Mexico Just Beat the U.S. At Something Huge

The United Nations Food and Agricultural Organization (FAO) released troubling findings this week indicating that the United States is no longer in the lead for the most obese nation on earth. Obesity, it turns out, is not in a significant decline in the U.S., but is undergoing a major boom in Mexico, raising concern for a host of implications for the population's health and economic well being.

Around 70% of Mexican adults are now classified as "overweight," a major increase from past years. In 1989, fewer than 10% of Mexican adults were reported to face weight issues. 

Increasing urbanization, shifts from fresh to processed foods, and more sedentary lifestyles are some major factors believed to be contributing to unprecedented obesity levels in the country. The same factors, experts claim, are contributing to similarly high rates across the globe from the U.S. to Venezuela to Libya.

While Mexico tops the list of obese-populated countries, smaller nations excluded from UN FAO rankings such as American Samoa (where reports find cases of overweight adults may be as high as 95%) could top already shocking levels identified in places like the U.S. and Mexico.

Today over 32.8% of Mexican adults are reported as "obese," a figure just overtaking the United States' current obesity rate by one percent. Increases in obesity levels in Mexico are already contributing to major health implications, such as a sudden rise in diabetes, a disease now affecting one in six Mexican adults. The disease killed around 70,000 people last year in Mexico, a figure CBS News compares to be more than the number of deaths said to have been caused by six years of the country's gangland drug wars

The young and the poor are often most affected by obesity, and Mexico, a country where more than 50% of the population is considered poor, is certainly facing difficult challenges in managing the crisis. Health care for those affected by diseases related to weight problems can be a drain on the Mexican economy, just as access to adequate funds to buy healthy foods is a major cause for obesity in the first place.

"The same people who are malnourished are the ones who are becoming obese," physician Abelardo Avila of Mexico's National Nutrition Institute has explained. This convergence of health issues is particularly troubling to those facing myriad health concerns that can stem from lack of access to fresh, unprocessed foods.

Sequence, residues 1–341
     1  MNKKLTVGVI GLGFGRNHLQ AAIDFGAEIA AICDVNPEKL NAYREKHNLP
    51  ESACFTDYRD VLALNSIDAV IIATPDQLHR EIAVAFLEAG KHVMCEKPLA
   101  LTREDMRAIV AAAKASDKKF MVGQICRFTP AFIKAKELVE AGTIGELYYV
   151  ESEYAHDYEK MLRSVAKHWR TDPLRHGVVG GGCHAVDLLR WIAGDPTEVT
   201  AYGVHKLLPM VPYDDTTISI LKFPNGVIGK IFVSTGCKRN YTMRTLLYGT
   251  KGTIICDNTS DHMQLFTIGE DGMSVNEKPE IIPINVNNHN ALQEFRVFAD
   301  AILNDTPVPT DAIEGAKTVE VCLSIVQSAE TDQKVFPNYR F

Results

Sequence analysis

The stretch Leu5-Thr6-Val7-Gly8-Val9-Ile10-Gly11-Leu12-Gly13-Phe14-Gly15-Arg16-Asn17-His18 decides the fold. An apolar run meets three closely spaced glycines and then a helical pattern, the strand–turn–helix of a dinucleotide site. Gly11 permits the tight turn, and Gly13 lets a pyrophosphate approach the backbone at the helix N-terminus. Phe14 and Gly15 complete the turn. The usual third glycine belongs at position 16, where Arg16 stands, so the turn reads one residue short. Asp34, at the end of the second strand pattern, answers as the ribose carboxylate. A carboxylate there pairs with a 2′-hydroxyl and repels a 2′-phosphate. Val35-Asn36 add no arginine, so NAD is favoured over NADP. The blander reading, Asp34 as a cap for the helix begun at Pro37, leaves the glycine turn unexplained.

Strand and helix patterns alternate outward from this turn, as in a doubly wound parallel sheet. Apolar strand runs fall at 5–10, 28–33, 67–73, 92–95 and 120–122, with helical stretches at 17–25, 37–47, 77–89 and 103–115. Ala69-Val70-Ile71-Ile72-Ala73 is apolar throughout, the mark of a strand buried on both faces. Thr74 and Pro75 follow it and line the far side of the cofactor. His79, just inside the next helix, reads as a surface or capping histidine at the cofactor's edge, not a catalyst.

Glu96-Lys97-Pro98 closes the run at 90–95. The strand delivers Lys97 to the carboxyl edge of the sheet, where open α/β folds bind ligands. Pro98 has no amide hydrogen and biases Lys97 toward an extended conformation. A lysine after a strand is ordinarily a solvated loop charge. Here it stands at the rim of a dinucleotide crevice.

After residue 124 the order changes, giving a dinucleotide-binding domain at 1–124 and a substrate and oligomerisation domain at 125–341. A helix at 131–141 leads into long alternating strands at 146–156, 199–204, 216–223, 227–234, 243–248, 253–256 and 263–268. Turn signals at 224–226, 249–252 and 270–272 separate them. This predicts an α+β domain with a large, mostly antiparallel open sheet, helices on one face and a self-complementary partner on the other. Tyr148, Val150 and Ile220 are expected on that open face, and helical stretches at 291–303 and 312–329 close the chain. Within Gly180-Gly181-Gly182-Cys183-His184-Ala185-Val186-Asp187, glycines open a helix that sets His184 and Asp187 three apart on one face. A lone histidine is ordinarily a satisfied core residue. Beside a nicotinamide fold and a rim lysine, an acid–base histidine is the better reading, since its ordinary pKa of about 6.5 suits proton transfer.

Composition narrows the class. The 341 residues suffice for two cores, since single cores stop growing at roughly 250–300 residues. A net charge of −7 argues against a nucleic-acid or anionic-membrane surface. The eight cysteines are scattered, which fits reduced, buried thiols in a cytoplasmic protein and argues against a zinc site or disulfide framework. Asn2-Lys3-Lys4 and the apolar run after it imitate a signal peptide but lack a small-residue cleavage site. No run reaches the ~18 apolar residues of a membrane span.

Although sudden spikes leading to Mexico's top spot in today's world obesity rankings are shocking to many, for some the recent boom is no surprise. Global health experts have been keeping an eye on the country for several years. In 2011, UN official Olivier de Shutter said in a report on Mexican agriculture and nutrition that "For many Mexicans, particularly in urban areas or in northern states, switching to healthier diets is becoming increasingly difficult."

While some have been quick to blame traditional Mexican foods — including the "Three Ts" of tacos, tostadas, and tamales — the fact is that while such dishes have been staples in the Mexican diet for years, growing prevalence of international fast food chains (including an increasing number of such U.S. businesses) is more likely to blame. 

Last year, reports began to circulate that obesity levels among poor children in major American cities may be on the decline. Healthy food programs contributing both funding and increased access to information about healthy choices, some suggest, have been helping contribute to some success among America's at-risk youths and provide some hope to curb America's obesity rate in coming years.

The hope remains that similar programs targeting Mexican youths may be able to combat some of the factors driving obesity rates up in America's southern neighbor. But with alarmingly high rates reported in countries across cultures, geographies, and economies in the UN's most recent State of Food and Agriculture Report, it remains clear that the issue is indeed a global crisis that merits real concern across a vast range of populations. Clearly, America should not rejoice in no longer standing as the most obese country. As the U.S. and Mexico closely top this year's list, attention to innovative, effective solutions to the obesity problem should stand as national priorities in both cases.

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Rachel George

Rachel is a PhD candidate in International Relations at the London School of Economics. She holds a BA in Politics from Princeton and an MA in Middle Eastern Studies from Harvard. Her interests include journalism, U.S. foreign policy, human rights, and international law.

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